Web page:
Appl Clin Inform 2020; 11(03): 442-451
DOI: 10.1055/s-0040-1713133
Research Article
Georg Thieme Verlag KG Stuttgart · New York

Attributing Patients to Pediatric Residents Using Electronic Health Record Features Augmented with Audit Logs

Mark V. Mai
1  Department of Anesthesia and Critical Care Medicine, Children's Hospital of Philadelphia, Philadelphia, Pennsylvania, United States
2  Department of Biomedical and Health Informatics, Children's Hospital of Philadelphia, Philadelphia, Pennsylvania, United States
,
Evan W. Orenstein
3  Department of Pediatrics, Children's Healthcare of Atlanta, Atlanta, Georgia, United States
,
John D. Manning
4  Department of Emergency Medicine, Atrium Health's Carolinas Medical Center, Charlotte, North Carolina, United States
,
Anthony A. Luberti
2  Department of Biomedical and Health Informatics, Children's Hospital of Philadelphia, Philadelphia, Pennsylvania, United States
5  Department of Pediatrics, Children's Hospital of Philadelphia, Philadelphia, Pennsylvania, United States
,
Adam C. Dziorny
1  Department of Anesthesia and Critical Care Medicine, Children's Hospital of Philadelphia, Philadelphia, Pennsylvania, United States
2  Department of Biomedical and Health Informatics, Children's Hospital of Philadelphia, Philadelphia, Pennsylvania, United States
› Institutsangaben
Funding This work was supported by a Special Project Award from the Association of Pediatric Program Directors.
Weitere Informationen

Publikationsverlauf

14. Januar 2020

05. Mai 2020

Publikationsdatum:
24. Juni 2020 (online)

Abstract

Objective Patient attribution, or the process of attributing patient-level metrics to specific providers, attempts to capture real-life provider–patient interactions (PPI). Attribution holds wide-ranging importance, particularly for outcomes in graduate medical education, but remains a challenge. We developed and validated an algorithm using EHR data to identify pediatric resident PPIs (rPPIs).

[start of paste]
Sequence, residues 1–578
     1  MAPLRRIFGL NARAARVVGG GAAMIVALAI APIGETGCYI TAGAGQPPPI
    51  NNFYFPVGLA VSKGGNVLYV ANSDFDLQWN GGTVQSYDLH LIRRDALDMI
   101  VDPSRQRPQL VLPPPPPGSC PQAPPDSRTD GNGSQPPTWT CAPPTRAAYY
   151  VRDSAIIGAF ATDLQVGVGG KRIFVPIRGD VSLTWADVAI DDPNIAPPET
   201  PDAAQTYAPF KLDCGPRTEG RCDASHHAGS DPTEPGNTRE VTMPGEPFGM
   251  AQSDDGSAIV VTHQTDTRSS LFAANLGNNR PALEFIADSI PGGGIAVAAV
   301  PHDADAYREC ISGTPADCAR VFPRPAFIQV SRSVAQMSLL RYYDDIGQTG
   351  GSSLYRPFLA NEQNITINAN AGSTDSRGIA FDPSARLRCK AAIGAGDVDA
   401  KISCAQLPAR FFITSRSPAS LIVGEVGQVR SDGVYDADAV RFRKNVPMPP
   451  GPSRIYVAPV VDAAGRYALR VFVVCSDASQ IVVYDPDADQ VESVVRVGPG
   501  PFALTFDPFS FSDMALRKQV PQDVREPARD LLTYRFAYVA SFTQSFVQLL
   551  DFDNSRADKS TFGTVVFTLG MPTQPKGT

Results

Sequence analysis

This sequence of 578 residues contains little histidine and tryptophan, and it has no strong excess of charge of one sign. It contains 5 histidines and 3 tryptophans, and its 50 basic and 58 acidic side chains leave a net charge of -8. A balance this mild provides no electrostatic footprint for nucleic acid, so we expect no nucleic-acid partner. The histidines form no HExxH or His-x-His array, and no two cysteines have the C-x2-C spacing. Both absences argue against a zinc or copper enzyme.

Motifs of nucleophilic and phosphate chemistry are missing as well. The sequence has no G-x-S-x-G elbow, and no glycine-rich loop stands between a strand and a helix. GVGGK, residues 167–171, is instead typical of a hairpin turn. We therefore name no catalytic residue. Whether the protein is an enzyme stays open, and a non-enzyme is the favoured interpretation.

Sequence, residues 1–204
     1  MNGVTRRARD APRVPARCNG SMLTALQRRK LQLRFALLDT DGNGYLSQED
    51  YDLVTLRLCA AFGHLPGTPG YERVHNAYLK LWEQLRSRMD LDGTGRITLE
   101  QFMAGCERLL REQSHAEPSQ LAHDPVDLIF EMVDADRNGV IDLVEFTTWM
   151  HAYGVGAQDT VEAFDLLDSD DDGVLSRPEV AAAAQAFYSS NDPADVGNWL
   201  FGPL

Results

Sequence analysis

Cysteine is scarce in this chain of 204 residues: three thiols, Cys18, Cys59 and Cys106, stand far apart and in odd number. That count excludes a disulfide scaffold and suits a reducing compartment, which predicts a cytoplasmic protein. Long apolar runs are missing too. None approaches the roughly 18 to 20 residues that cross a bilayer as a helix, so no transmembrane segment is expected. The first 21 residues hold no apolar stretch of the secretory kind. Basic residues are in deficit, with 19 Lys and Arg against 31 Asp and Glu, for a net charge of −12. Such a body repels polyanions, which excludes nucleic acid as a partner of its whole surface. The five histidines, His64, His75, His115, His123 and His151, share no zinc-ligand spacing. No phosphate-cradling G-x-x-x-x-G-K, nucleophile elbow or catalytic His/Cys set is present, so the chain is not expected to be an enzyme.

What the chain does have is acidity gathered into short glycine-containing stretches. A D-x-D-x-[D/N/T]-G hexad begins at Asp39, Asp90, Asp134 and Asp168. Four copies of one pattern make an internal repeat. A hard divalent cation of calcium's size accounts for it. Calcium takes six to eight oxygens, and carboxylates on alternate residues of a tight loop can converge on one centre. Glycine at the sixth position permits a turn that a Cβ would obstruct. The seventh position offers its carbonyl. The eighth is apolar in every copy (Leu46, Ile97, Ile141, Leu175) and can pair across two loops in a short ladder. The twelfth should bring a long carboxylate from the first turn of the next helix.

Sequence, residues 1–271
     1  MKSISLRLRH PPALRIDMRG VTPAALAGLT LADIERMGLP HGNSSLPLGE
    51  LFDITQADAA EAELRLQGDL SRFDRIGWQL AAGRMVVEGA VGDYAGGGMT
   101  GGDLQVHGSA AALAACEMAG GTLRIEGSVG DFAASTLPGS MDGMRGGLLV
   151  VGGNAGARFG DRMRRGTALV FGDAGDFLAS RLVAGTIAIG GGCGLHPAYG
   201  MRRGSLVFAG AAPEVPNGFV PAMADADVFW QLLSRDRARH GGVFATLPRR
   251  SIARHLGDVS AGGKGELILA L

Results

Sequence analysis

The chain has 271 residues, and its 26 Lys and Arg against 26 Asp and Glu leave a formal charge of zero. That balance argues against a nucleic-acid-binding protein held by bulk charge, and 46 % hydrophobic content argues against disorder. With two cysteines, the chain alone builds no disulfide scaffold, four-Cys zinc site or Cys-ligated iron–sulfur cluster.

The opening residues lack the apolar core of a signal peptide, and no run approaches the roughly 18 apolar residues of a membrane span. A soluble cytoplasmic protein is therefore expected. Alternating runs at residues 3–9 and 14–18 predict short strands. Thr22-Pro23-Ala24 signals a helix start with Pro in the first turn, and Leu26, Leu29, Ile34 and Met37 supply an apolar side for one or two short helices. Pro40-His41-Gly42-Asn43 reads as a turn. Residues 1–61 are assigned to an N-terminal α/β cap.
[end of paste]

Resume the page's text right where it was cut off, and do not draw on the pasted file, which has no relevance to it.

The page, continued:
Methods We prospectively surveyed residents in three care settings to collect self-reported rPPIs. Participants were surveyed at the end of primary care clinic, emergency department (ED), and inpatient shifts, shown a patient census list, asked to mark the patients with whom they interacted, and encouraged to provide a short rationale behind the marked interaction. We extracted routine EHR data elements, including audit logs, note contribution, order placement, care team assignment, and chart closure, and applied a logistic regression classifier to the data to predict rPPIs in each care setting. We also performed a comment analysis of the resident-reported rationales in the inpatient care setting to explore perceived patient interactions in a complicated workflow.

Results We surveyed 81 residents over 111 shifts and identified 579 patient interactions. Among EHR extracted data, time-in-chart was the best predictor in all three care settings (primary care clinic: odds ratio [OR] = 19.36, 95% confidence interval [CI]: 4.19–278.56; ED: OR = 19.06, 95% CI: 9.53–41.65' inpatient: OR = 2.95, 95% CI: 2.23–3.97). Primary care clinic and ED specific models had c-statistic values > 0.98, while the inpatient-specific model had greater variability (c-statistic = 0.89). Of 366 inpatient rPPIs, residents provided rationales for 90.1%, which were focused on direct involvement in a patient's admission or transfer, or care as the front-line ordering clinician (55.6%).

Conclusion Classification models based on routinely collected EHR data predict resident-defined rPPIs across care settings. While specific to pediatric residents in this study, the approach may be generalizable to other provider populations and scenarios in which accurate patient attribution is desirable.

Protection of Human and Animal Subjects

This study was reviewed and approved by the Children's Hospital of Philadelphia Institutional Review Board, Pennsylvania, United States.